The year had barely begun when Sony first showed off its long-expected PlayStation Portable follow-up, then code-named the Next Generation Portable, sporting an everything-and-the-kitchen-sink array of features. By E3, the system had a new name — PlayStation Vita — and a price point starting at $250 (without optional 3G functionality). Earlier this month, the new portable launched in Japan to respectable sales numbers, though associated software sales were surprisingly less robust. With European and North American launches set for February, the rest of the world will see Sony's next major console soon enough.

6. Japanese earthquake shakes game industry
Aside from being a humanitarian disaster, the massive earthquake and tsunami that hit Japan in March caused major disruption for the country's gigantic game industry. Companies scrambled to delay and cancel games that featured apocalyptic themes that could upset victims, while damaged facilities and electricity rationing led to further delays. But the disaster also gave game companies a chance to show off their civic responsibility by raising substantial sums for philanthropic aid to help those hurt the most by the disaster.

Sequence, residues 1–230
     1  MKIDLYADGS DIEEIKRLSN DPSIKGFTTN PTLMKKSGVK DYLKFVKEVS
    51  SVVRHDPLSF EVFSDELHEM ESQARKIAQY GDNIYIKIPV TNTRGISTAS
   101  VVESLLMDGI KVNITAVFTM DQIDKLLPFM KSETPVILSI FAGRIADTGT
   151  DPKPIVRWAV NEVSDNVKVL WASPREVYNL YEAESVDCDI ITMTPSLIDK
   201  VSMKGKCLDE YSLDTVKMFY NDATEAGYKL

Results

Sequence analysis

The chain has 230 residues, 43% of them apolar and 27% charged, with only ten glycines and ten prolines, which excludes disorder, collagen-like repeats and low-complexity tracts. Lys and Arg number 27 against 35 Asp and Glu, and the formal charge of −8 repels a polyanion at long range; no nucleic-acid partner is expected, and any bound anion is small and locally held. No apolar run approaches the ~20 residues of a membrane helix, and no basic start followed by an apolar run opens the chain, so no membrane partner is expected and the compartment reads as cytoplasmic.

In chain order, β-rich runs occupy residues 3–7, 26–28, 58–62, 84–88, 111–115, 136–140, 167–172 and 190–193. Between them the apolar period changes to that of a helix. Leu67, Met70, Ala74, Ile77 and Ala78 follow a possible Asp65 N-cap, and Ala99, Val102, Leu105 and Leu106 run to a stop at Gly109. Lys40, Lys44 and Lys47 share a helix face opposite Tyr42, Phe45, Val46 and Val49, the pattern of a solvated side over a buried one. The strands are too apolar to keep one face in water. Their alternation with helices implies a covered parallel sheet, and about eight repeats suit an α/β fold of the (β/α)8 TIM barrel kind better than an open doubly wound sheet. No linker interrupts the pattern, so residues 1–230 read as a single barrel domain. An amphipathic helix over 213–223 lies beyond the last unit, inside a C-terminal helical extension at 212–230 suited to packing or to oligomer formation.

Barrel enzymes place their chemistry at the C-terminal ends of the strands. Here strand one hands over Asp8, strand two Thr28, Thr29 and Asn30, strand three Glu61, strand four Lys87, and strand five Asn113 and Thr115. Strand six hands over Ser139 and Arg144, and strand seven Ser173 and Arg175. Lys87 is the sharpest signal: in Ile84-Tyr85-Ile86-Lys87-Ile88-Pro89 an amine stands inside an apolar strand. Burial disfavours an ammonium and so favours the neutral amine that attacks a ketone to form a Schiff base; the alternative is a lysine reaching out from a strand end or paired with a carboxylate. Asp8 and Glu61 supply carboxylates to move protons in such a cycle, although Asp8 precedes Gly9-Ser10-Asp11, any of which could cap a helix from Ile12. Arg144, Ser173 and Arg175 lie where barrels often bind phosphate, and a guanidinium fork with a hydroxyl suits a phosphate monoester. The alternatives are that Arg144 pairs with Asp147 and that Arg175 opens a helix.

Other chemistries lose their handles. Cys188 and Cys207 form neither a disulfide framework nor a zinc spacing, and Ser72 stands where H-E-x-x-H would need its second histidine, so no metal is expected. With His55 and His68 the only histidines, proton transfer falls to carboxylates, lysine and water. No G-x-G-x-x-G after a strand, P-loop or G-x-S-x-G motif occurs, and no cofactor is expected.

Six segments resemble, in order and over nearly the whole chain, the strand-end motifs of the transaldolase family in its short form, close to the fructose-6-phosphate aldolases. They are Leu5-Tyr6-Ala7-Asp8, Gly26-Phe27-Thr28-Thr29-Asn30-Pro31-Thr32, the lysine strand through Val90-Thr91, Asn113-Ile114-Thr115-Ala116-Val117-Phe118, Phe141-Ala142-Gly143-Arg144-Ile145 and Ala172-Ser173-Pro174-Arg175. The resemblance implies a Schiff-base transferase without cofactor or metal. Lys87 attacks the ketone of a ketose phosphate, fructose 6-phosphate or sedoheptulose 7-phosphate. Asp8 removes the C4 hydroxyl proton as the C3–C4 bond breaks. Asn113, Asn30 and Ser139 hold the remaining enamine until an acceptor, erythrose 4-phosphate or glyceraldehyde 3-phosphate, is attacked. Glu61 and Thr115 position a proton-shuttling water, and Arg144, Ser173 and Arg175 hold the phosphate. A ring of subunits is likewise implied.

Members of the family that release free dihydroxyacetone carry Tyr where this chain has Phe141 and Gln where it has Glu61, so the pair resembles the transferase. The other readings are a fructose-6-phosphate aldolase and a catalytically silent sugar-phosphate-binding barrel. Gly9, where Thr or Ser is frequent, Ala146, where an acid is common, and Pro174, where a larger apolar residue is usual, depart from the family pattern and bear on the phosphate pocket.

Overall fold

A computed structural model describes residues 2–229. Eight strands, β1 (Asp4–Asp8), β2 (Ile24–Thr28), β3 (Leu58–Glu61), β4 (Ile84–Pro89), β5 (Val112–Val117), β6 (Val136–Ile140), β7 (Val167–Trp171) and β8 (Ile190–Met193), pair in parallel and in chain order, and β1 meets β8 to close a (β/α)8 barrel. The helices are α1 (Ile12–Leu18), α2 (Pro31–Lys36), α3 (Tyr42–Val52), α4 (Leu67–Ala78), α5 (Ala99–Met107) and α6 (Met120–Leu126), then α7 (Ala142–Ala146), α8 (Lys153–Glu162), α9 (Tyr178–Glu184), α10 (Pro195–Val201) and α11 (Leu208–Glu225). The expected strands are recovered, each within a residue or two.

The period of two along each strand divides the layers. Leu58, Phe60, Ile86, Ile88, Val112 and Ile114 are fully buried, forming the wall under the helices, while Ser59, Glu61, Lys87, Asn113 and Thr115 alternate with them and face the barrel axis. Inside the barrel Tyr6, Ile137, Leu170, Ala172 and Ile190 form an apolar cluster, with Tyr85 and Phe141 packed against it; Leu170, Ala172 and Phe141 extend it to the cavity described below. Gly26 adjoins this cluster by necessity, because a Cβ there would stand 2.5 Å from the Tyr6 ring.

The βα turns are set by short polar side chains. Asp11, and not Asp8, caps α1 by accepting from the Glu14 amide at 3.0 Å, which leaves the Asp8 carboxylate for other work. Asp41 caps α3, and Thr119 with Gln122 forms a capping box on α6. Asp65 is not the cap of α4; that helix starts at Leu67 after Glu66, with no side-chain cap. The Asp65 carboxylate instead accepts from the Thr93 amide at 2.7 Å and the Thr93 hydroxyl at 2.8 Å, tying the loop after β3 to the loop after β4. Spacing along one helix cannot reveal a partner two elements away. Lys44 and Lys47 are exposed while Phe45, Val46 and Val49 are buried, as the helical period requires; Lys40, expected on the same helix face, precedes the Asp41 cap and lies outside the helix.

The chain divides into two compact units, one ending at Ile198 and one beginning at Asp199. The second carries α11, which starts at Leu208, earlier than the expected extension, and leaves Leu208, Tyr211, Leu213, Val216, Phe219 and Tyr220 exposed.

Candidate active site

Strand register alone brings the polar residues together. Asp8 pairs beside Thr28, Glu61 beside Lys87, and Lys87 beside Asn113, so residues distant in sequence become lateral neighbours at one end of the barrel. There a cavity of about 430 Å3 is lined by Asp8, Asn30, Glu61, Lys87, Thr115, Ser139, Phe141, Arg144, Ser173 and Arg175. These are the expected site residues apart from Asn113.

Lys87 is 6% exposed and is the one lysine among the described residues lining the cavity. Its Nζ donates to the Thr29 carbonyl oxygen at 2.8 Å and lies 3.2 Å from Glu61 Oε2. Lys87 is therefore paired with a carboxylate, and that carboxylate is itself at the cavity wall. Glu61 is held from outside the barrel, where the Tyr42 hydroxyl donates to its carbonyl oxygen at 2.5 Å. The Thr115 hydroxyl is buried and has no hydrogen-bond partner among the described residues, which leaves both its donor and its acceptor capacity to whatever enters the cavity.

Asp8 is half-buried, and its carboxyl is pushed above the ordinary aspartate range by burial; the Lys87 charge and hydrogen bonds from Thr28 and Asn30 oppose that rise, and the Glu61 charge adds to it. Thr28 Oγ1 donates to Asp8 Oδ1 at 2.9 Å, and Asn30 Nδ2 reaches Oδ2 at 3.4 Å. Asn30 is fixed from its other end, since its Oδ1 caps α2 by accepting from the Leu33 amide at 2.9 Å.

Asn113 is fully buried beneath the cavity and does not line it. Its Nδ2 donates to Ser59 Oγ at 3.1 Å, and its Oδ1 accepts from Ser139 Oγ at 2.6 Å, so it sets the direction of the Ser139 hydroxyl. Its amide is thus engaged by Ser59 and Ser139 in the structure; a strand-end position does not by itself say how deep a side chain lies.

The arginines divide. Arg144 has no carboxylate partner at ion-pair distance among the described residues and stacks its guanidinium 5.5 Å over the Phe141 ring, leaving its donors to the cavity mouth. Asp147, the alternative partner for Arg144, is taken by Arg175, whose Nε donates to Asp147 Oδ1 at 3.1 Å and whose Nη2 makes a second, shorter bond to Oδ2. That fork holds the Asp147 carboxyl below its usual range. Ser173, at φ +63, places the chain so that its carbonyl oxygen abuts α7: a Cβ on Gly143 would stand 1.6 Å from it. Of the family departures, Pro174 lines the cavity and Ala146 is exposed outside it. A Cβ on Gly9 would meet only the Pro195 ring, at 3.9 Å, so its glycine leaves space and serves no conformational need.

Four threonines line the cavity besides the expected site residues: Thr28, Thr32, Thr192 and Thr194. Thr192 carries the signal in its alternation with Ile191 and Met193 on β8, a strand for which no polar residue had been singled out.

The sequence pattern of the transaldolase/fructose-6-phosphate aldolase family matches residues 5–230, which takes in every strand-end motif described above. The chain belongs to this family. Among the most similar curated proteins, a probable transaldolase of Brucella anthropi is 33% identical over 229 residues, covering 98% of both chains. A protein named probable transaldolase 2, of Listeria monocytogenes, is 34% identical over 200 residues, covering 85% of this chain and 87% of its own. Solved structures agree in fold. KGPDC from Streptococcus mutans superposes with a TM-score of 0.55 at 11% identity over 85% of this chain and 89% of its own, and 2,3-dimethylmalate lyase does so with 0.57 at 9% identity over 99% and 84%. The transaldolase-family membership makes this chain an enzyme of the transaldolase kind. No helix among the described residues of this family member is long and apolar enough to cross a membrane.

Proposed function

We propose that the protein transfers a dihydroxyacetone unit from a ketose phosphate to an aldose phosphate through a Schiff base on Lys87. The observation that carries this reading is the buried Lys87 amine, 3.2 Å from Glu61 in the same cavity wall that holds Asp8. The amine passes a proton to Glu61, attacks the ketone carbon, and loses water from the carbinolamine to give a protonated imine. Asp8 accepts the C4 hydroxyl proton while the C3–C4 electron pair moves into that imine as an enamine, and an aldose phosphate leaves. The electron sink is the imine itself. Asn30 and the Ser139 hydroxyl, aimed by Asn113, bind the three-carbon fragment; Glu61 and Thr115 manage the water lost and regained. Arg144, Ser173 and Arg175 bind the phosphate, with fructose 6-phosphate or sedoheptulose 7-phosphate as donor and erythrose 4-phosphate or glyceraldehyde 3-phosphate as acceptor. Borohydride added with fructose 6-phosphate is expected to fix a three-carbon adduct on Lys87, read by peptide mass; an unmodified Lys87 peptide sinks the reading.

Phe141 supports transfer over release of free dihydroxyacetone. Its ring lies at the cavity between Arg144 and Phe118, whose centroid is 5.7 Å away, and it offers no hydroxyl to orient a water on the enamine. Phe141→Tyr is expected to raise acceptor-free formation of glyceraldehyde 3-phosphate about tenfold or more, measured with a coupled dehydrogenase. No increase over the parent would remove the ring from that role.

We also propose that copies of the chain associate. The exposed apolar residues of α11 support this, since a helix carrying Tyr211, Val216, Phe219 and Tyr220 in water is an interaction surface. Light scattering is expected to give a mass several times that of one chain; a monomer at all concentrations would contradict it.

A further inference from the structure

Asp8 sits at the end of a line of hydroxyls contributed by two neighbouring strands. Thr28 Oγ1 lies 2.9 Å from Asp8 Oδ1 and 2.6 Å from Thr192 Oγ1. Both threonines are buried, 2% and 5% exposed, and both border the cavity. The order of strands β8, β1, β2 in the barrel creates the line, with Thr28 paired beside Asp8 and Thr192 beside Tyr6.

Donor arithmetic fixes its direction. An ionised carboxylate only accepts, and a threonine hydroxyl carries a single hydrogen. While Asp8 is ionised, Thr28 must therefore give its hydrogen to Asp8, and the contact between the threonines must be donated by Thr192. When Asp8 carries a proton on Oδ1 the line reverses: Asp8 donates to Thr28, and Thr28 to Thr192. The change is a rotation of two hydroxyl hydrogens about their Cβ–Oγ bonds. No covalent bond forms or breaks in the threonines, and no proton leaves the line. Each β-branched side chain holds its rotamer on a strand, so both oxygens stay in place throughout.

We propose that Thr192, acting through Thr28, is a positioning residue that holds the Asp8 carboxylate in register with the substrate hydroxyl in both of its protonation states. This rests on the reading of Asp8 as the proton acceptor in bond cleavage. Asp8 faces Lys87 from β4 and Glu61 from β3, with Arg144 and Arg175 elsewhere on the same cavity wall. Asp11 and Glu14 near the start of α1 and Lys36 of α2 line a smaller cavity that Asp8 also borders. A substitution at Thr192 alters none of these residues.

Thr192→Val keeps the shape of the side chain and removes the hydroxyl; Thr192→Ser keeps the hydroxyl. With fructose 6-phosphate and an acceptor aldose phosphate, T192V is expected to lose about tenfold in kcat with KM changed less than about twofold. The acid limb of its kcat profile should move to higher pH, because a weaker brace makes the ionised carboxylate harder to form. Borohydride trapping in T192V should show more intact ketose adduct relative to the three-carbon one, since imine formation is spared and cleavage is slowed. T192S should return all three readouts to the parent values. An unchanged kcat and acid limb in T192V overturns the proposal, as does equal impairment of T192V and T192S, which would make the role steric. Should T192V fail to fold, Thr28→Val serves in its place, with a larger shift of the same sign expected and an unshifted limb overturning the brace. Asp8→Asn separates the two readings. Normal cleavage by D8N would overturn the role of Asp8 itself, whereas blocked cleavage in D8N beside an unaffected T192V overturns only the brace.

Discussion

7. Nintendo faces financial hardship
After decades of consistent profits, Nintendo's announcement that this year would likely mark its first ever fiscal loss came as a bit of a shock to industry watchers. The news was especially shocking given that the company had been riding high on record sales and profit from the Wii just two years back. Whether the financial troubles are a small blip caused by an awkward transition between console generations or a permanent transition caused by the rise of mobile phone and tablet gaming remains to be seen, but either way, it was enough to get Nintendo executives to slash their salaries and offer profuse apologies to shareholders.

8. Microsoft unleashes new, video-fueled Xbox dashboard